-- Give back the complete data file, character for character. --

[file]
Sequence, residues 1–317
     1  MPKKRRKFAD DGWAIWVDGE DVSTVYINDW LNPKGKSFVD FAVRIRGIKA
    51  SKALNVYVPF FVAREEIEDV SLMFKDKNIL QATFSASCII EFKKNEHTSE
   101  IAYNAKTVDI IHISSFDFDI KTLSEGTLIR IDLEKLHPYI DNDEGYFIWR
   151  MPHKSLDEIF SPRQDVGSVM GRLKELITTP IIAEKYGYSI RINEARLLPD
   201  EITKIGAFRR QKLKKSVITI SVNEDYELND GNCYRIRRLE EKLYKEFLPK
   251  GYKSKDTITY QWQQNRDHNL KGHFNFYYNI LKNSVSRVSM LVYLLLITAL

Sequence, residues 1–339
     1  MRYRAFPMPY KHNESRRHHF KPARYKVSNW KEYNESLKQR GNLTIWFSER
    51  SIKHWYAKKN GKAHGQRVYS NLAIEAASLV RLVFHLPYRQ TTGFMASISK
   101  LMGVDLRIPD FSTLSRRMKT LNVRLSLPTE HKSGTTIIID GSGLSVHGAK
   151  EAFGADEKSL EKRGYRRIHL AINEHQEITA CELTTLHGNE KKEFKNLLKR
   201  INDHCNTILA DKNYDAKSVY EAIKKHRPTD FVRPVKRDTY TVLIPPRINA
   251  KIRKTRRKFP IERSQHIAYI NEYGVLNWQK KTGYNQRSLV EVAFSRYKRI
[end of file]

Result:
Sequence, residues 1–317
     1  MPKKRRKFAD DGWAIWVDGE DVSTVYINDW LNPKGKSFVD FAVRIRGIKA
    51  SKALNVYVPF FVAREEIEDV SLMFKDKNIL QATFSASCII EFKKNEHTSE
   101  IAYNAKTVDI IHISSFDFDI KTLSEGTLIR IDLEKLHPYI DNDEGYFIWR
   151  MPHKSLDEIF SPRQDVGSVM GRLKELITTP IIAEKYGYSI RINEARLLPD
   201  EITKIGAFRR QKLKKSVITI SVNEDYELND GNCYRIRRLE EKLYKEFLPK
   251  GYKSKDTITY QWQQNRDHNL KGHFNFYYNI LKNSVSRVSM LVYLLLITAL

Sequence, residues 1–339
     1  MRYRAFPMPY KHNESRRHHF KPARYKVSNW KEYNESLKQR GNLTIWFSER
    51  SIKHWYAKKN GKAHGQRVYS NLAIEAASLV RLVFHLPYRQ TTGFMASISK
   101  LMGVDLRIPD FSTLSRRMKT LNVRLSLPTE HKSGTTIIID GSGLSVHGAK
   151  EAFGADEKSL EKRGYRRIHL AINEHQEITA CELTTLHGNE KKEFKNLLKR
   201  INDHCNTILA DKNYDAKSVY EAIKKHRPTD FVRPVKRDTY TVLIPPRINA
   251  KIRKTRRKFP IERSQHIAYI NEYGVLNWQK KTGYNQRSLV EVAFSRYKRI